"Black Sabbath were inherently funky", says Beto Martinez, guitarist with Austin-based funksters Brownout. "They've definitely got the groove going".
Introducing Brown Sabbath: Black Sabbath, but funky
Tejano funk outfit Brownout pay tribute to Birmingham's finest... and it rocks
The Black Sabbath catalogue might sound like an odd target for a group more used to playing Latin soul, rare groove and funk, but Brownout Presents: Brown Sabbath is a rare thing indeed: a heavy rock tribute album from a band schooled in another genre that doesn't sound like a novelty, and doesn't back away from the aggression of the originals. In short, it rocks. And it's definitely got the funk.
It helps that Brownout aren't wet-behind-the-ears novices. Seven of the eight members of Brownout also play with the Grammy-award winning Grupo Fantasma, who've backed Prince on a number of occasions, as well as the likes of Spoon, Daniel Johnston, and James Brown/Funkadelic/Parliament sax player Maceo Parker. They know what they're doing.
So how did a funk outfit from Texas end up covering War Pigs and The Wizard?
"Black Sabbath was some of the first music I was into", says Martinez, who grew up in Laredo listening to Tejano and Mexican music, but got into rock at high school. "We had a residency at a club called Franks in Austin, and we decided to do a different sort of theme every night. One night was a James Brown night, where we did the Black Caesar album as Brown Caesar. We did a breakdancing night called Brownout II: Electric Boogaloo, a hip hop night entitled Fear Of A Brown Planet, and for the last one we were brainstorming and someone threw out Brown Sabbath. It sounded great, and the response was awesome.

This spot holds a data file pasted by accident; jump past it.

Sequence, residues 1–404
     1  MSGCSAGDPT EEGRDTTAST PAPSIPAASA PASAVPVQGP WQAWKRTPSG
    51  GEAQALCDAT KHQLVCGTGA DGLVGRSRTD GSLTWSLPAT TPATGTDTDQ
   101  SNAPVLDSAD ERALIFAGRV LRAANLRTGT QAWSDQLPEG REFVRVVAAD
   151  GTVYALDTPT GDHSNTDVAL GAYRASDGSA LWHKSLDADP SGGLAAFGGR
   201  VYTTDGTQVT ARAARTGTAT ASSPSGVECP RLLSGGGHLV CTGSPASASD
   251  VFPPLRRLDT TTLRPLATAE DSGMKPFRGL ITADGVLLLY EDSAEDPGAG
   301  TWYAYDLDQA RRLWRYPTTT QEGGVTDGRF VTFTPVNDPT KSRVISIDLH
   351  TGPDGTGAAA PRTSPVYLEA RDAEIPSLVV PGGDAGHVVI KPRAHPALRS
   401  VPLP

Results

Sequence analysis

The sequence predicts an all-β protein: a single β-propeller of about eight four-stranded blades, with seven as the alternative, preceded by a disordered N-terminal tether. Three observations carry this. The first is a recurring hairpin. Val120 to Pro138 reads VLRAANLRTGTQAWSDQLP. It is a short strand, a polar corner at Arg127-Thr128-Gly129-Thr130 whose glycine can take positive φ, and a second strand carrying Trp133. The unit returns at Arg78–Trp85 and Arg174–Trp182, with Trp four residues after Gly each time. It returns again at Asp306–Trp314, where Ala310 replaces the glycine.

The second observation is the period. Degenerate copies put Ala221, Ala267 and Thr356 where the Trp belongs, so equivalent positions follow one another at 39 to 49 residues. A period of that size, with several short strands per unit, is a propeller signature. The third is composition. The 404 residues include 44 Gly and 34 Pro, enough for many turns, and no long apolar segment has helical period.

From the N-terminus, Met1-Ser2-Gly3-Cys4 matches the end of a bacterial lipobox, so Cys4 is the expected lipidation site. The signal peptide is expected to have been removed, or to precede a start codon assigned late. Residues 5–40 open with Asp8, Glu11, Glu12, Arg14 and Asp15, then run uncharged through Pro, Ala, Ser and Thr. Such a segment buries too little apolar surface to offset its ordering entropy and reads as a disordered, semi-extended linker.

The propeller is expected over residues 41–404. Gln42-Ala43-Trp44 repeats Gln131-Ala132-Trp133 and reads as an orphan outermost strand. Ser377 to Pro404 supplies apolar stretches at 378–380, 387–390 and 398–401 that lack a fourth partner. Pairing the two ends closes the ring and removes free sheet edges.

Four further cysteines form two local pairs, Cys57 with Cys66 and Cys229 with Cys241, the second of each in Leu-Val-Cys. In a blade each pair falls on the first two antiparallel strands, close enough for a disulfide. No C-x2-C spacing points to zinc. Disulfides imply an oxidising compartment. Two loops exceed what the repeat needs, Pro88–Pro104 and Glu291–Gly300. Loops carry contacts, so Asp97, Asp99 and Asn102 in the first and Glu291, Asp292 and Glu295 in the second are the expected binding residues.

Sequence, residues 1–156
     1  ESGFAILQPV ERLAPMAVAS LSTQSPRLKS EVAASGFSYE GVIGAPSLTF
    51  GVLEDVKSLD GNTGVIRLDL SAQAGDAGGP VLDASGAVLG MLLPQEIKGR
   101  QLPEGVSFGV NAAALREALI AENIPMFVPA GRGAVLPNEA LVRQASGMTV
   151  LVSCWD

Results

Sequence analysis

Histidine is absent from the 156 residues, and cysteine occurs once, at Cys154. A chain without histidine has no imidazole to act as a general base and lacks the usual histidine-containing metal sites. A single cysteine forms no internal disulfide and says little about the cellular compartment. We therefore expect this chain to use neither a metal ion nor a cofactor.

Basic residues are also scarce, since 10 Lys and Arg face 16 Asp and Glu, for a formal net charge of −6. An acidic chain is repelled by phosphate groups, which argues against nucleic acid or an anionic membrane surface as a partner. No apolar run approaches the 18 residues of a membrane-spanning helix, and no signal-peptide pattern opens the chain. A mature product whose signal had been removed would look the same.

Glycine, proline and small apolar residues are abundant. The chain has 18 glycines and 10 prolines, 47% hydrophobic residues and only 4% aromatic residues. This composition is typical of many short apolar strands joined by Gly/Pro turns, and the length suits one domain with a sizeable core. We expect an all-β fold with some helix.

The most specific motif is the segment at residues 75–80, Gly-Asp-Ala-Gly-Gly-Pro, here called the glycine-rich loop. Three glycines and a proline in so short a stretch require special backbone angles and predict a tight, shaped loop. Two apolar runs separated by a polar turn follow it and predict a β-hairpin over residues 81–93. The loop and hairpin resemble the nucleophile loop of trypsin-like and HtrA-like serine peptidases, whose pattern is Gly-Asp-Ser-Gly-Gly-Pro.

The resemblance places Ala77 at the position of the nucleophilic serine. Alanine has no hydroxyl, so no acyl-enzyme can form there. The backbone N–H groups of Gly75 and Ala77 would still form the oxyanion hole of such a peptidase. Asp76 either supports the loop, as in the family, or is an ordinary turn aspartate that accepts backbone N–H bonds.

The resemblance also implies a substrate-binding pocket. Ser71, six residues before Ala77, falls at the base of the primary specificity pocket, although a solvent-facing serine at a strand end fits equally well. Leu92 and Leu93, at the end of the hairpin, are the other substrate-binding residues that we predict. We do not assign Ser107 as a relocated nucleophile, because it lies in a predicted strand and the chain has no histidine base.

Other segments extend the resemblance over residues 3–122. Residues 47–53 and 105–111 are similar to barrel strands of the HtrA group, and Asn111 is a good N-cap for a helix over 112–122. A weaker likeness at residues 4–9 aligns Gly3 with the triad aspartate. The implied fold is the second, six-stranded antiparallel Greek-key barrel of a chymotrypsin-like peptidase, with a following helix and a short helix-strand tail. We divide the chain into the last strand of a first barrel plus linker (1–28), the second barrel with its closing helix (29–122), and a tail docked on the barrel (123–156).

"We started out just covering the stuff, then added more on top as we went along. We didn't know exactly what was going to happen, but it came out pretty good. Mark Gonzales, our trombone player, did a great job of arranging the horns, and making them sound like they'd always been there. They fit perfectly, and that's great: actually being able to add to songs that people know so well."
The response has been overwhelmingly positive. The band have recently finished a west coast tour in the US playing the Brown Sabbath set, performed at the famed Austin Psyche Festival, and the album premiered on US Radio network NPR.
The record deserves the praise it's received. The horns give Into The Void a sleazy, lurching swagger, while N.I.B. starts with funky drummer snap before the familiar crouching riff arrives, then turns into a sweltering, Santana-style funk blowout. Alex Maas from Austin psyche band Black Angels handles the vocals on Hand Of Doom as greasy horns slither and soar, while the band's version of The Wizard, all rattling percussion and fat brass blasts, performs the neat trick of taking the song in an entirely new direction without losing any of the original's ferocity. "We didn't want to water anything down, and as a guitar player there was no way in hell I was going to go soft", says Martinez. "I still had to bring it."
After all the excitement generated, you might think this could turn into a full-time job, but that's not going to happen. "We've been opening every show with a Brownout set, just to remind people who we are", says Martinez. "We're not setting out to be a tribute band. It's something we decided to do, and the reaction has been great, and we're having a whole lot of fun doing it. We get to rock out, and for me, because it's the music I grew up with, it's so munch fun. We're loving doing it, but it's not what we're going to do it forever." Get acquainted while you can.
Brownout Presents: Brown Sabbath is available now, on brown vinyl, from Bandcamp.